Merkel's Bavarian Ally Loses Absolute Majority in State Vote
(Bloomberg) -- German Chancellor Angela Merkel’s Bavarian allies lost their absolute majority in a regional election, signaling a voter backlash against long-ruling parties that’s also likely to have fallout in her government.
The ruling Christian Social Union, which has dominated Bavarian politics since World War II, took about 36 percent of the vote on Sunday, its lowest result since 1950, according to projections by broadcaster ZDF. Voters migrated to the anti-immigration Alternative for Germany party, or AfD, which won its first seats in the state parliament with about 11 percent, while the other winner of the night was the Green party, which more than doubled its support to some 18 percent.
Seven months into her fourth term, the result is a warning shot to Merkel because it reflects fading support nationwide for the three governing parties -- her Christian Democratic Union, the CSU and the Social Democrats. Support for the SPD in Bavaria collapsed, halving to less than 10 percent.
“It is clear that things will not get easier for Merkel,” said Carsten Nickel, an analyst at Teneo Intelligence in London. “She will have to continue muddling through, but she is dependent on two badly beaten coalition partners.”
While Merkel may be able to insulate herself to some extent from the Bavarian slump, her own party faces voters in two weeks in Hesse state, where polls suggest the CDU’s support has declined by as much as 10 percentage points compared with when it won the last election five years ago.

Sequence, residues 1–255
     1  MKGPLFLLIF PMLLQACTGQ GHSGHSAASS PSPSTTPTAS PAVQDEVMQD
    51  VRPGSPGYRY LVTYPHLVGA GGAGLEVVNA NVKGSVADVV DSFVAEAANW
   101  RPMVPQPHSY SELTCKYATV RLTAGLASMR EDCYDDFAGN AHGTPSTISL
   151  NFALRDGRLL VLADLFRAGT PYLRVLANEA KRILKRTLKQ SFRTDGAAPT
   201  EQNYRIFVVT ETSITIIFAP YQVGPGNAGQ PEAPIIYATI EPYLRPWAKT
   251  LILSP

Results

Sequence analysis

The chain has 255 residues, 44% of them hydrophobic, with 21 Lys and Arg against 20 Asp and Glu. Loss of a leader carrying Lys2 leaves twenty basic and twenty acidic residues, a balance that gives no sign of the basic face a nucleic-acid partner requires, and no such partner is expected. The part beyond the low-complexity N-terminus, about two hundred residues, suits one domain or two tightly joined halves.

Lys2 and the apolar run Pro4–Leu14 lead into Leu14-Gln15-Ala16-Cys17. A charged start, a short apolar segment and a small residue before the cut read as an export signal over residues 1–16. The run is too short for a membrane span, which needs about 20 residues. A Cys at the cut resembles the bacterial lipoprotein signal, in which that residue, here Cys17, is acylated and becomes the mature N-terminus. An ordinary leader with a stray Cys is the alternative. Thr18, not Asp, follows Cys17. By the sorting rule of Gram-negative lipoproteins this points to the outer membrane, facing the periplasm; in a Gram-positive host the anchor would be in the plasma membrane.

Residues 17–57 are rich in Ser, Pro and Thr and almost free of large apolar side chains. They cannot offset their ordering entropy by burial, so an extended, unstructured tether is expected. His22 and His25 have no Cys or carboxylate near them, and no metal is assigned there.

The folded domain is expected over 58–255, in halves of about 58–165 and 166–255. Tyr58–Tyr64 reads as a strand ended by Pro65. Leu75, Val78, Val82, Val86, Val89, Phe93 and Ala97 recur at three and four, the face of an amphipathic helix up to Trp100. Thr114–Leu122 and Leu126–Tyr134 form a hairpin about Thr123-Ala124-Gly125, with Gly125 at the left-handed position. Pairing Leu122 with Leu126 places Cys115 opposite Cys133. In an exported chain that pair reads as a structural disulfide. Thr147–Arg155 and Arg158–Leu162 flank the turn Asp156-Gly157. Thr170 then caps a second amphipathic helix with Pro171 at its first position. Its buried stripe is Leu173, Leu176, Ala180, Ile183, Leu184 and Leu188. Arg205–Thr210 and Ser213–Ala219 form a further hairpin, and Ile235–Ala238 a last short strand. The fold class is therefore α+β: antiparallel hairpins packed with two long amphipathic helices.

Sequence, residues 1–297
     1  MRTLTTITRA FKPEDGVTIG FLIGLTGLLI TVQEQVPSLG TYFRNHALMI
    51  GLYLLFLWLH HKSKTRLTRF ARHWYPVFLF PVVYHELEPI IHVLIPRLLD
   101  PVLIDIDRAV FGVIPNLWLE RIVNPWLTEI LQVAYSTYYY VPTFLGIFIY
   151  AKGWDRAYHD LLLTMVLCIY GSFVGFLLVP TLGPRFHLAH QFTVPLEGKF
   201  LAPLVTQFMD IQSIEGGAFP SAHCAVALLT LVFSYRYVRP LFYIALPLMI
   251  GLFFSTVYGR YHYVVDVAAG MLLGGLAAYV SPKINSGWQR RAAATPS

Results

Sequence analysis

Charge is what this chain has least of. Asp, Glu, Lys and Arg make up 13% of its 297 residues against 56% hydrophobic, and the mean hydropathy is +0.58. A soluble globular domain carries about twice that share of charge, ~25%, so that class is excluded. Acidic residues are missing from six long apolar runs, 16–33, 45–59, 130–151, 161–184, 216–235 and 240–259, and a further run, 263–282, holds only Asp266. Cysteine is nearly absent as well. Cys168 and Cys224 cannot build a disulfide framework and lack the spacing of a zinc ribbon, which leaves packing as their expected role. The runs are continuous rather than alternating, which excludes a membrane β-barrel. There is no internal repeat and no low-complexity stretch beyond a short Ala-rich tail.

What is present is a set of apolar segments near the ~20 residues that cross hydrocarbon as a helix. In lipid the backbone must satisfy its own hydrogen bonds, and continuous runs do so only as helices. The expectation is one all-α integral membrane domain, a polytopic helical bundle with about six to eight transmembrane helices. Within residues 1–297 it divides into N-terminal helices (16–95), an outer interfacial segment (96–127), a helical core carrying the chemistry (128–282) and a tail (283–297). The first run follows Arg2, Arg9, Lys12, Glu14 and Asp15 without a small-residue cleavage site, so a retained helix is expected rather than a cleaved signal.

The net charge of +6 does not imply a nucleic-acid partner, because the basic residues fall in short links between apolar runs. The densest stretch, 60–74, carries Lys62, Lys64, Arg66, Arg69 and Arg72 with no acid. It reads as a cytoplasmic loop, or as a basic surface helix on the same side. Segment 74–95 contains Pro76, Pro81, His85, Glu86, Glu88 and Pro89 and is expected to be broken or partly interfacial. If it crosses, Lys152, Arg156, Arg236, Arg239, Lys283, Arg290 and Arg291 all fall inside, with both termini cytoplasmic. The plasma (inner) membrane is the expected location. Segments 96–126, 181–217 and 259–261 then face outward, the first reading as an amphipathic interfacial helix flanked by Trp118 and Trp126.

The result may also have implications for CSU leader Horst Seehofer, Merkel’s interior minister in the federal cabinet. He’s been sharply critical of her open-borders stance on migration, provoking a coalition crisis over the summer when he threatened to impose restrictions on the border with Austria against Merkel’s will.
Annegret Kramp-Karrenbauer, the CDU’s general secretary, and Social Democratic leader Andrea Nahles both laid the blame on coalition clashes in Berlin over the summer, mostly between the CSU and Merkel’s party.
“There is little question that the infighting over the past months, including the tone and style with which it was done, didn’t exactly give a tailwind” to the CSU, Kramp-Karrenbauer told reporters in Berlin.
The CSU has long been identified with prosperity in Bavaria, where regional unemployment in the land of beer, lederhosen and BMW cars is Germany’s lowest at 2.8 percent.
Sunday’s result in a region where the CSU has governed alone for most of the past six decades means the party now needs a partner to stay in power. In addition to the Greens and the Free Democrats, which were projected to return to the parliament with 5 percent, the CSU could ally with the Free Voters, an opposition group that was projected to take 11.6 percent.
“We want to form a clear and stable government as quickly as possible,” Markus Soeder, the Bavarian premier who oversaw the campaign, told reporters in Munich. While vowing to exclude the AfD, he also said he’d prefer to govern without the Greens.
Soeder’s campaign fell flat as old numbers from the CSU playbook, such as a pledge to place Christian crosses in state offices, failed to gain traction. Soeder drew ridicule on social media with a “mission” to turn Bavaria into Europe’s top space technology hub, while a predecessor blamed part of the party’s slump on less conservative Germans moving to Bavaria from other parts of the country.
For the AfD, a showing of more than 10 percent underscored the strength of anti-Merkel sentiment among some voters, above all on migration.
“Those who voted for the AfD here in Bavaria, their message is that Merkel must go,” AfD co-party leader Alice Weidel told party members in Munich.
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